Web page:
Conclusory assertions in the First Amended Complaint are
insufficient to establish that the Paynes had knowledge of BONY’s
While Plaintiffs cite Decano v. Hutchinson Sugar Co.,
45 Haw. 505, 371 P.2d 217 (1962), for the proposition that
recording a certificate of entry provides public notice of a
wrongful foreclosure, to bolster their claim against the Paynes,
this argument widely misses the mark.
Supreme Court stated:
In Decano, the Hawai`i
The recordation of the certificate of entry is
constructive notice to all persons who claim any
title or interest acquired subsequent to the
mortgage under which the entry for foreclosure is
made, and enables them to determine, with facility
and precision, what is necessary to be done for
the preservation and protection of the interest
which they may have acquired in the estate.
Robbins v. Rice, 73 Mass. (7 Gray) 202, 203
45 Haw. at 518, 371 P.2d at 224.
There, the supreme court was
addressing persons claiming rights to the property under the
terms of the mortgagor.
Decano cannot be interpreted as
suggesting that mere recordation of a notice of sale or a
foreclosure affidavit is sufficient to provide notice to a third
party, such as a bona fide purchaser, that a foreclosure was
While Plaintiffs attempt to argue that their First
Amended Complaint plausibly alleges that the Paynes are not bona
fide purchasers, it clearly does not.
The First Amended
Complaint contains the most generalized allegation that the
Paynes had knowledge that the foreclosure was unlawful because of
BONY’s recordation of the Notice of Sale and fails include any
factual content from which any reasonable inference could be
drawn that the Paynes colluded with BONY, knew of wrongdoing by
BONY, or were not bona fide purchasers.
See Iqbal, 556 U.S.
Simply alleging that the Paynes are not bona fide
purchasers is an improper legal conclusion, and cannot be
accepted as true for purposes of the Motion.
See id. (“Although
for the purposes of a motion to dismiss we must take all of the
factual allegations in the complaint as true, we ‘are not bound
to accept as true a legal conclusion couched as a factual
allegation.’” (quoting Twombly, 550 U.S. at 555 (internal
quotation marks omitted)).
Plaintiffs’ quiet title claim thus
fails to state a plausible claim for relief and must be
dismissed. See Fed. R. Civ. P. 12(b)(6).
To justify dismissal with prejudice, it must be clear
that the claim could not be saved by any amendment.
Cty. Ass’n of Retired Emps. v. Sonoma Cty., 708 F.3d 1109, 1118
(9th Cir. 2013) (“As a general rule, dismissal without leave to
amend is improper unless it is clear, upon de novo review, that
the complaint could not be saved by any amendment.” (brackets,
citation and internal quotation marks omitted)).
The bar being
set so very low, it could be possible for Plaintiffs to cure the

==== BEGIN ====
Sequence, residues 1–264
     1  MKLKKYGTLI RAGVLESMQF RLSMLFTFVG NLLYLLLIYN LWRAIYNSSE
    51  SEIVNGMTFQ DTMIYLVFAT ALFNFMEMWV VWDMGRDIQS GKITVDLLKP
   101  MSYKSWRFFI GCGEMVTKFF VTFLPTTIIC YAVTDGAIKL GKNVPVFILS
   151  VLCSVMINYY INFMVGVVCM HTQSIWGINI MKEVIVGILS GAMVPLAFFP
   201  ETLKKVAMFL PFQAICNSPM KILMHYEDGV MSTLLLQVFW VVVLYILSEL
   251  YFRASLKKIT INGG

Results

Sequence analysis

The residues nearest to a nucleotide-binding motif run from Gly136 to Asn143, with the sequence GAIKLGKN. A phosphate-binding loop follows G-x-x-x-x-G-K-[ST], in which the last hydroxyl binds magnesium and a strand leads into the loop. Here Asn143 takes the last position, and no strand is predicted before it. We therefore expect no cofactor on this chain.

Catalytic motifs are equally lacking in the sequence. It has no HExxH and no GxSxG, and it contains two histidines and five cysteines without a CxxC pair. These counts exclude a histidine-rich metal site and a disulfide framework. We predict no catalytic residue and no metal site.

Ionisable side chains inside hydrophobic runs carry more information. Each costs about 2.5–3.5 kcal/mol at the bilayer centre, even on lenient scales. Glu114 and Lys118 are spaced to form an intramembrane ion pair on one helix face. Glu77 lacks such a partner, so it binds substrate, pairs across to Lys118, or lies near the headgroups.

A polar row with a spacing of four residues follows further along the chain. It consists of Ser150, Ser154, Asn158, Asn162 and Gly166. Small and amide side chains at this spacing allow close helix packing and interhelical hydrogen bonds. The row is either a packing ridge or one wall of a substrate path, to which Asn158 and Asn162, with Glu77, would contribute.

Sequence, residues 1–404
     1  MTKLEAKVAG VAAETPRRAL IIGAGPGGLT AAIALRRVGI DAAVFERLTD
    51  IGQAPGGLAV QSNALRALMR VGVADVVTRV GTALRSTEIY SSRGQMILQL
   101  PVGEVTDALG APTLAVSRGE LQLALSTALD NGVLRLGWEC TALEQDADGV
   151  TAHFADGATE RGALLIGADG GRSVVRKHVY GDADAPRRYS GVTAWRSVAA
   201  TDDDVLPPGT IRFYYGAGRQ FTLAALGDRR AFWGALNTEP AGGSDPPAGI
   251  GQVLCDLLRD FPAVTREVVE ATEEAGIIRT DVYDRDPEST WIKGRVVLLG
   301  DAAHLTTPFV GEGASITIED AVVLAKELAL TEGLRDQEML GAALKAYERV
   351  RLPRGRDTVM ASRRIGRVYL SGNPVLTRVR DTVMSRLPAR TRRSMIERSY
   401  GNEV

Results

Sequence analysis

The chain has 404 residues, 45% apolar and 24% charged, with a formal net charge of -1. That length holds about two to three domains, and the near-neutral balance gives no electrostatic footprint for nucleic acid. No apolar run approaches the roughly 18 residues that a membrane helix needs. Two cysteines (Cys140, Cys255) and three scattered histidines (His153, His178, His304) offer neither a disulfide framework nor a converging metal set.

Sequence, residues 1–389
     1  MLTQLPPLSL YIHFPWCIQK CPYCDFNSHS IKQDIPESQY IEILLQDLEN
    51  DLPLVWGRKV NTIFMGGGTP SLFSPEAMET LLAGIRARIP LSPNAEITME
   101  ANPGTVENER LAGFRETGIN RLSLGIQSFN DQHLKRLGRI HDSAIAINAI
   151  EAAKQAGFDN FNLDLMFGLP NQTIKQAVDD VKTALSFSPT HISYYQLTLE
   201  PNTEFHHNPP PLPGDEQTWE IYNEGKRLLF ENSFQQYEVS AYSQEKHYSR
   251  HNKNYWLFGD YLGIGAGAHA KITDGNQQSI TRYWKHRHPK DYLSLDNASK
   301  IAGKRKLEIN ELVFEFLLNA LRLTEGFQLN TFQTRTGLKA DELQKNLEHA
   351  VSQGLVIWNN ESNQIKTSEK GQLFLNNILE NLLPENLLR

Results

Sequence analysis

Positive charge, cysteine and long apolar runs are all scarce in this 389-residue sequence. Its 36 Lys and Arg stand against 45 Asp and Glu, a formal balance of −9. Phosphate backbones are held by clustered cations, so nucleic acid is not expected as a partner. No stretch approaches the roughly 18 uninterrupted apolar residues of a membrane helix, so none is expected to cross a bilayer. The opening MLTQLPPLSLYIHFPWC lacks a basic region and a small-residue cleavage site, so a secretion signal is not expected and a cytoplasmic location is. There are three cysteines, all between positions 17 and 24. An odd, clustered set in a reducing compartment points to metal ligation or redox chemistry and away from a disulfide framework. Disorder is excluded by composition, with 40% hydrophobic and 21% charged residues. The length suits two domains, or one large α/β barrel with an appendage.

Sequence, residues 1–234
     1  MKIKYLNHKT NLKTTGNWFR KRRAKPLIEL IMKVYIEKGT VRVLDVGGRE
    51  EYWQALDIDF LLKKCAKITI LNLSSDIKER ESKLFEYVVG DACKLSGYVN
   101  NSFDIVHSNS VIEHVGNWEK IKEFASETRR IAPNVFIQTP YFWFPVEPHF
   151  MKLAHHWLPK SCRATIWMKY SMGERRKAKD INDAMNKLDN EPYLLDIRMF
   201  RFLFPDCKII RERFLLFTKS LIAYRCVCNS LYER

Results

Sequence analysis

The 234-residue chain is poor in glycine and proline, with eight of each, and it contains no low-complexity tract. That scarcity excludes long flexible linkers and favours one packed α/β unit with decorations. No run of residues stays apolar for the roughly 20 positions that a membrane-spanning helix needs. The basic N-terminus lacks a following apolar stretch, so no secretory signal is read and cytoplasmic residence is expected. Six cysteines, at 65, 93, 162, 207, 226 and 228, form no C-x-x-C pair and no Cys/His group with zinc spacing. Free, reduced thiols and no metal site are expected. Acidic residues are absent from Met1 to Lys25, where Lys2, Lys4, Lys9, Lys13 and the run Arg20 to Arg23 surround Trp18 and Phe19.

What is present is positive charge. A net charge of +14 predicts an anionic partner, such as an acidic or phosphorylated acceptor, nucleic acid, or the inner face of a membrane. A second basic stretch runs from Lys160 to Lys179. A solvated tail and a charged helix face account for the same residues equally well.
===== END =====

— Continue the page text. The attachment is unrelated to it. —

defects in their claim against the Paynes.
The dismissal of
Plaintiffs’ quiet title claim therefore is without prejudice.4
If Plaintiffs intend to pursue the quiet title claim,
then factual allegations which plausibly demonstrate that the
Paynes colluded with BONY, were involved in a scheme to
wrongfully obtain title from Plaintiffs, or had actual knowledge
of BONY’s alleged misconduct must be sufficiently pled or the
claim will again fail to survive a motion to dismiss, and that
dismissal may be with prejudice.
In light of this ruling, the limitations period issue, the
void vs. voidable issue, and the other arguments raised by the
parties are not reached.
On the basis of the foregoing, Defendants Nettleton S.
Payne III and Diane Elizabeth Payne’s FRCP Rule 12(B)(6) Motion
to Dismiss Plaintiffs Robert John Lynch and Jennifer Ann Lynch’s
First Amended Complaint Filed on July 22, 2016, which the Paynes
filed on May 15, 2017, is HEREBY GRANTED IN PART AND DENIED IN
The Motion is GRANTED insofar as the quiet title claim
against the Paynes is HEREBY DISMISSED.
The Motion is DENIED
insofar as the dismissal of the claim against the Paynes is
The Court GRANTS Plaintiffs leave to amend their quiet
title claim against the Paynes.
Plaintiffs do not have leave to
add any new parties, claims, or theories of liability.
Plaintiffs must file their second amended complaint by
September 11, 2017.
If Plaintiffs fail to file their second
amended complaint by September 11, 2017, the claim will be
dismissed with prejudice.
IT IS SO ORDERED.
DATED AT HONOLULU, HAWAII, August 15, 2017.
/s/ Leslie E. Kobayashi
Leslie E. Kobayashi
United States District Judge
ROBERT JOHN LYNCH, ET AL. VS. THE BANK OF NEW YORK MELLON, ET AL;
CIVIL 17-00195 LEK-RLP; ORDER GRANTING IN PART AND DENYING IN
PART DEFENDANTS NETTLETON S. PAYNE III AND DIANE ELIZABETH
PAYNE'S MOTION TO DISMISS